Capped price. The median acquisition price of these companies was $10.4bln. There’s a lesson here: there are only so many acquirers that can spend billions in cash and/or company stock to make acquisitions. Once you get to $5bln+ in valuation, the universe of corporate acquirers (Salesforce, Microsoft, Adobe) and private equity firms (Thoma Bravo, KKR, Clearlake) that can afford you shrinks, such that IPO becomes the primary viable option. And of course, SaaS IPO’s don’t grow on trees (there were 40 in 2021). There have been no SaaS IPO’s in 2022 as the market is frozen — sellers can’t agree on valuation with institutional buyers that are needed to buoy an IPO. Interal down rounds and flat are coming for all those “unicorns”.
No burn. The EBITDA burn of these companies relative to revenue was pretty negligible with a median 3% EBITDA margin.
Non-SaaS Multiples. Below we present some of the more recent acquisitions of tech companies that aren’t SaaS. There are only 4 but a few interesting observations: 3 of the 4 were bought by a strategic, the premiums were all strong, 3 of the 4 companies were profitable, all had excellent growth.
Public SaaS Multiples
The gap between the average and median is 3.6x, meaning premium SaaS companies are getting outlier valuations, but that gap is lowest since Q1 2020, showing the correction in overvalued names. 47% of companies are trading at 10x revenue or greater. The data is below.
The trend. The chart below shows median revenue multiples we’ve collected since Q4 2014. During that period, the median SaaS multiple has ranged from 4.6x to 14.1x with an average of 8.5x.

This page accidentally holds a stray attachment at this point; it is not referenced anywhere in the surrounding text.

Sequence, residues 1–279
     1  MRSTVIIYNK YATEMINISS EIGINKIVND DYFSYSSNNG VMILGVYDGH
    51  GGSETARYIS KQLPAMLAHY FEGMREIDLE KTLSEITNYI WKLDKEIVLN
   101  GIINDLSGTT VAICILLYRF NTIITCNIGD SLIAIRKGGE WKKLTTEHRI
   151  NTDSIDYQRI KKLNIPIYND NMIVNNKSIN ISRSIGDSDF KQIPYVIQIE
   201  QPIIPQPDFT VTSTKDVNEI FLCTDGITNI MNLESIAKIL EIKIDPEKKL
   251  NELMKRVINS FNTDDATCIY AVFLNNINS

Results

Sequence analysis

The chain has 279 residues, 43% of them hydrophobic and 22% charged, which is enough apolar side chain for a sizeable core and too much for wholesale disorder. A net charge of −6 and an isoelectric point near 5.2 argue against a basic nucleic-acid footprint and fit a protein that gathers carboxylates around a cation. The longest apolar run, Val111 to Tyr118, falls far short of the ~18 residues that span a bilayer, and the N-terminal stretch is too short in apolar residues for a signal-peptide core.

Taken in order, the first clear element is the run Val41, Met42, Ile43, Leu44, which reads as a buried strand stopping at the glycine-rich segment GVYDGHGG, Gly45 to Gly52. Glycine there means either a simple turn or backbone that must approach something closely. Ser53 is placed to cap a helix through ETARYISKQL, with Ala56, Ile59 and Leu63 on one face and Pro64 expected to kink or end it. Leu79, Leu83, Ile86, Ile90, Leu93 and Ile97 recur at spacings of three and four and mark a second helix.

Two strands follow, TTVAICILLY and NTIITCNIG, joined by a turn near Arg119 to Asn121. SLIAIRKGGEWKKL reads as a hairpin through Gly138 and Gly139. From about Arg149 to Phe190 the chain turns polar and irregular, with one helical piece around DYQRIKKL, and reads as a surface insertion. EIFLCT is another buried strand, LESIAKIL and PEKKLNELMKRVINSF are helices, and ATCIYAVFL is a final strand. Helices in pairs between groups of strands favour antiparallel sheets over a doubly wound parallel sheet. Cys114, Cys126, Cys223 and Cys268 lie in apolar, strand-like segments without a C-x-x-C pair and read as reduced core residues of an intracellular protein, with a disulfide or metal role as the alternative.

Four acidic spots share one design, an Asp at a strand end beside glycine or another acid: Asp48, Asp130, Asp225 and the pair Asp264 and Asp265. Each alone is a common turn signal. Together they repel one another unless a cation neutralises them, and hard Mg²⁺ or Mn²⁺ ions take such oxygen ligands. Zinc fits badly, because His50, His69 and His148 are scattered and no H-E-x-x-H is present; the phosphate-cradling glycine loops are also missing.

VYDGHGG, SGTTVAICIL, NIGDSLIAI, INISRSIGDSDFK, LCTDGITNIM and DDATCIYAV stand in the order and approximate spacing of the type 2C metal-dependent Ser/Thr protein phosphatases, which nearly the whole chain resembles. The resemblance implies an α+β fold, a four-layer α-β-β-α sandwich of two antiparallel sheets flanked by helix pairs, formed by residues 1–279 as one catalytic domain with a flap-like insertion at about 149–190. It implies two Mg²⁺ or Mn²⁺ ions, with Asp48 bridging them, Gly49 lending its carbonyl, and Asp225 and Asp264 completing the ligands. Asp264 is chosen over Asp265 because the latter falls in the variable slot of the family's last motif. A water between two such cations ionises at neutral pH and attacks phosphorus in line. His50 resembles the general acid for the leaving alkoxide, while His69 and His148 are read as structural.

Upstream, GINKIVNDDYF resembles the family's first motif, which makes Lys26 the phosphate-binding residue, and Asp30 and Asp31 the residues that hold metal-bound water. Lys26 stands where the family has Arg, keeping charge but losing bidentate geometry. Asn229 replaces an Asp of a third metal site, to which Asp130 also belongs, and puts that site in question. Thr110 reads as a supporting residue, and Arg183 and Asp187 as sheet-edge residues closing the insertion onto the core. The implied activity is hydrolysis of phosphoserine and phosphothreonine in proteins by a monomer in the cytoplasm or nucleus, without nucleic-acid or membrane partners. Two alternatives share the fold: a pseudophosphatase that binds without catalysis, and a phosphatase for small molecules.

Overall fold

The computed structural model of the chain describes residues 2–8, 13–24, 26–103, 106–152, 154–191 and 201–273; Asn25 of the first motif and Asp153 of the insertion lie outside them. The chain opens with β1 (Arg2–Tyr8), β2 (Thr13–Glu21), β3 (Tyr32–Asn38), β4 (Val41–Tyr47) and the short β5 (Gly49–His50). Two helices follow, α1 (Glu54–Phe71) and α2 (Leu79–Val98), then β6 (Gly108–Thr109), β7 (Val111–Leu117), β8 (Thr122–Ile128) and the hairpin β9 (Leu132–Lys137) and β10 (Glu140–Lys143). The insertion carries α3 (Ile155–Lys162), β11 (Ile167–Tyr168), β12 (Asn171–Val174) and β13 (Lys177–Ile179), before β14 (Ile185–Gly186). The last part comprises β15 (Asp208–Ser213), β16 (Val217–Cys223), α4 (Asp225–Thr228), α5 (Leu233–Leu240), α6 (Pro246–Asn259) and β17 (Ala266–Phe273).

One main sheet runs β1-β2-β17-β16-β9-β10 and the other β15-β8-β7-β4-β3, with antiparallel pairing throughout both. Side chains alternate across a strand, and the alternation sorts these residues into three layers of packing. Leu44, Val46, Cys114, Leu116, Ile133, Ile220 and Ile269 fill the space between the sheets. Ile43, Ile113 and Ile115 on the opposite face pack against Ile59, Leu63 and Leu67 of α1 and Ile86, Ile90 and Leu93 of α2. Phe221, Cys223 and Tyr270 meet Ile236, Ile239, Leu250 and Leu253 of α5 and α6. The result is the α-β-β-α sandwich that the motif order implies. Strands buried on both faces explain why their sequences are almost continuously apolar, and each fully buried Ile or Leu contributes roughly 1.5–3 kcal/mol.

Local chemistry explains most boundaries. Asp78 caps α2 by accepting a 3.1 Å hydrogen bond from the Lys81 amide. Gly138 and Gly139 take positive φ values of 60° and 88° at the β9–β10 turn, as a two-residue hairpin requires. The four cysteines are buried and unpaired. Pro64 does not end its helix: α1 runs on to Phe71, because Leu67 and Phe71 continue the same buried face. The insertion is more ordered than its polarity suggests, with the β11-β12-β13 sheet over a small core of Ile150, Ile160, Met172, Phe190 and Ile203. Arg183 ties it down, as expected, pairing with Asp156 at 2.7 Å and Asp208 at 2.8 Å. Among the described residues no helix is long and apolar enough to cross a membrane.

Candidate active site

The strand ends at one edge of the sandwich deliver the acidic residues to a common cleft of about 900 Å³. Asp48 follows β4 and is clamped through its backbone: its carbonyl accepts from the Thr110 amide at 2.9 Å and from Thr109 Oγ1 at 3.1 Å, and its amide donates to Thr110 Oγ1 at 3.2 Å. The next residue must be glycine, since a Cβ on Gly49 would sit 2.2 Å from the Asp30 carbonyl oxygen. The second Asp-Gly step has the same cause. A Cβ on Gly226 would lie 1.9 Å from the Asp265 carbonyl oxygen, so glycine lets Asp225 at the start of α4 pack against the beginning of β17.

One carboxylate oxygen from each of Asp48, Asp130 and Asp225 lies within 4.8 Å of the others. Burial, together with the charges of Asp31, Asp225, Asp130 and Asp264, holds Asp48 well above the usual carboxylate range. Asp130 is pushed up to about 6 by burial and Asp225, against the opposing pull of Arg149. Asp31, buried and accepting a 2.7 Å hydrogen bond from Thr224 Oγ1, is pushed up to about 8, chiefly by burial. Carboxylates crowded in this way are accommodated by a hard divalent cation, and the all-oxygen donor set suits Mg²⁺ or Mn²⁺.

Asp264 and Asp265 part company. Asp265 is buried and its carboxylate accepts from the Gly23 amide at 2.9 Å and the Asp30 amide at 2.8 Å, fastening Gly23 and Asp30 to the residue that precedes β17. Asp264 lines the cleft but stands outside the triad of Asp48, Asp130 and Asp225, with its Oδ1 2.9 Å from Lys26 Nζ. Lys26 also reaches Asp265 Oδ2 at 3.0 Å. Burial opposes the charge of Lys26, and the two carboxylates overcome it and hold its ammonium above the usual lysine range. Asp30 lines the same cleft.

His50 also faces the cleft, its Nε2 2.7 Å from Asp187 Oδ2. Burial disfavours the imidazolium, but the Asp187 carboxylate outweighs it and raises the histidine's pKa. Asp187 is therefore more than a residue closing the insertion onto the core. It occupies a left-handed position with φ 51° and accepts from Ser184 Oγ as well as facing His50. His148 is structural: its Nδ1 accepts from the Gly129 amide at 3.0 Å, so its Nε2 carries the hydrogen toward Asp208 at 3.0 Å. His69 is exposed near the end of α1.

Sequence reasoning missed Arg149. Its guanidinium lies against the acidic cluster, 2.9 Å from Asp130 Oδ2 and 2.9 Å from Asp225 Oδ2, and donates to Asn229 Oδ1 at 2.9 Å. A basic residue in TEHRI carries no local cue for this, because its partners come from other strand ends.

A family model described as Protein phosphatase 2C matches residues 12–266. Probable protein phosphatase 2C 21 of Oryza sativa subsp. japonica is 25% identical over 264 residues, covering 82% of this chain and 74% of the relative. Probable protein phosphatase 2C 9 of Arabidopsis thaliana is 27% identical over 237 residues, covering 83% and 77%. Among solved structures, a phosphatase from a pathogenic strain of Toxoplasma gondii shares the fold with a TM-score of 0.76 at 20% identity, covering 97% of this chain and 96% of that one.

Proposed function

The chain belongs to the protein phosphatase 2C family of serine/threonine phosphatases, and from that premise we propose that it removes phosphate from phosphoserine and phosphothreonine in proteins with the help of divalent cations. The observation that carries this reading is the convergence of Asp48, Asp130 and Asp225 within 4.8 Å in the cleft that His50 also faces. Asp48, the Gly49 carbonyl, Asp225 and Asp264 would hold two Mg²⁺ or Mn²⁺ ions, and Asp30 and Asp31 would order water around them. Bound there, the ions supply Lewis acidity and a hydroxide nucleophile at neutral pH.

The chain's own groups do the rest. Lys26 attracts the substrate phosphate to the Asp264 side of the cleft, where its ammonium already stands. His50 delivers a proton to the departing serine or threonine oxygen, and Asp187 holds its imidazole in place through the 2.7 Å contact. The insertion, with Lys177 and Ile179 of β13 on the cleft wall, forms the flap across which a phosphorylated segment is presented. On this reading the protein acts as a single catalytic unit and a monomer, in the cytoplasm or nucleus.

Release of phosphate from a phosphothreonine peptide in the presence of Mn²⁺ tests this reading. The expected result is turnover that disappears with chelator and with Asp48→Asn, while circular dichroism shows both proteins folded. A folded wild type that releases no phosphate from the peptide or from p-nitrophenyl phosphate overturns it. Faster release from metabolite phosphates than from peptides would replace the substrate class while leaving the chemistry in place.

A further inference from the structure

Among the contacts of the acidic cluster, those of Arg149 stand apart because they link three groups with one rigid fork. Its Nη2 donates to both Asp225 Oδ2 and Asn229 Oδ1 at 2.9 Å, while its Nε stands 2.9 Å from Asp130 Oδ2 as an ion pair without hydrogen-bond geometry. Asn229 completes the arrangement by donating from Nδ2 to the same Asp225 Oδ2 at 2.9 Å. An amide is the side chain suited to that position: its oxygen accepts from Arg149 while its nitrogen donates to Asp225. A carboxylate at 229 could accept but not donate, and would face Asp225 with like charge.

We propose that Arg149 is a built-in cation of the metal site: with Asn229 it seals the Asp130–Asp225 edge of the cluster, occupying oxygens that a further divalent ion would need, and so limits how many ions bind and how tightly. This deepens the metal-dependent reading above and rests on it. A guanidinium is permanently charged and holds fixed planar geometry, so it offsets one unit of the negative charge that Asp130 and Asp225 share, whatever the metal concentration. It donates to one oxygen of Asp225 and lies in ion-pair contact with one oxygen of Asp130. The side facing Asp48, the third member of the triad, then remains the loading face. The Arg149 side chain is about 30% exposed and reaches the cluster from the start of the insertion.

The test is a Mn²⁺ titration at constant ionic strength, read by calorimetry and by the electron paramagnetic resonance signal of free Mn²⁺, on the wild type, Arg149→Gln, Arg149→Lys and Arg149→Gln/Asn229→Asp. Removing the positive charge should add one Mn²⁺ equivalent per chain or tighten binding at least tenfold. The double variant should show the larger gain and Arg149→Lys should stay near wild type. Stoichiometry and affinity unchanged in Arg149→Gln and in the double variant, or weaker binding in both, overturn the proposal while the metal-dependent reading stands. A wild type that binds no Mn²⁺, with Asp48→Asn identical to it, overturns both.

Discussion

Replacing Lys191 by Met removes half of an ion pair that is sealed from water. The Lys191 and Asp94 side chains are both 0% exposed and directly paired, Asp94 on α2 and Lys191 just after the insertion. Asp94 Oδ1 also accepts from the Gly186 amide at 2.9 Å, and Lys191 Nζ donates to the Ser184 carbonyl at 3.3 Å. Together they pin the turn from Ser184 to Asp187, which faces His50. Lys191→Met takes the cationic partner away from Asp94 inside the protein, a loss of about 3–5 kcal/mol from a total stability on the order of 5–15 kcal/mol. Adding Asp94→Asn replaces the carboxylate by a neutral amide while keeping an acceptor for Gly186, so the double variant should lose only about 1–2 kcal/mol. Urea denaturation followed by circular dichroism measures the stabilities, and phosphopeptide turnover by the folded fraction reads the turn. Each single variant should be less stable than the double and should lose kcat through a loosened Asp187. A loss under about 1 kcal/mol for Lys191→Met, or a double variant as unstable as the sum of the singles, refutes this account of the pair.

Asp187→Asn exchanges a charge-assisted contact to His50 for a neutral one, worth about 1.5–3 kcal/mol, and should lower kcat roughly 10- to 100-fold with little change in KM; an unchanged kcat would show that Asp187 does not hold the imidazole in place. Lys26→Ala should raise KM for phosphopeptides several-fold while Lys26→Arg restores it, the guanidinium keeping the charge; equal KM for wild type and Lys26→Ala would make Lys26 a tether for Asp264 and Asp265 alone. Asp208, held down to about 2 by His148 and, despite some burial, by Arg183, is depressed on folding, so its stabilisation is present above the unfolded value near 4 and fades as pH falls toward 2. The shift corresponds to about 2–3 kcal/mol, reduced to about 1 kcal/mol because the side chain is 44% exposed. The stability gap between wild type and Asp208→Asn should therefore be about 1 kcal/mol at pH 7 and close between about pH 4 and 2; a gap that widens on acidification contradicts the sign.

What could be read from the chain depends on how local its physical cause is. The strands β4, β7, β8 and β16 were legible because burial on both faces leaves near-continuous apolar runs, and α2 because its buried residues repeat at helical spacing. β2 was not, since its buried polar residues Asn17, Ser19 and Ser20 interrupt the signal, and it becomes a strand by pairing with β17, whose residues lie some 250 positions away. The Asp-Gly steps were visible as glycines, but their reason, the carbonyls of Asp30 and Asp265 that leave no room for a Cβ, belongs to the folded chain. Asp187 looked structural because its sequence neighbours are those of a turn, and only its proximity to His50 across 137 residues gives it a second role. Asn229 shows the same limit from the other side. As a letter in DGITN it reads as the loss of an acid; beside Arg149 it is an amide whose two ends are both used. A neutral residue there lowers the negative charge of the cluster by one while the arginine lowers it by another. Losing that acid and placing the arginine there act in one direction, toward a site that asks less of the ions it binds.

Premium gets a premium. Premium SaaS businesses trade at premium multiples. In the data set, 58 companies trade at greater than 10x revenue, 35 trade at greater than 15x, and 22 trade at greater than 20x.
SaaS businesses are healthy. There is almost no debt on these businesses as banks don’t like ‘asset-lite’ businesses like software. Additionally, these companies have $452mm of cash on the balance sheet on median, plenty relative to annual burn (recall EBITDA is -$32mm). The number of years of cash on the balance sheet is less important given that these businesses are generally cash flow positive (median of $41mm); only 35 out of the 123 companies have negative cash flow. Note that 67 out of the 123 have negative EBITDA, but again that’s acceptable so long as the growth is present and cash flow overall is positive.
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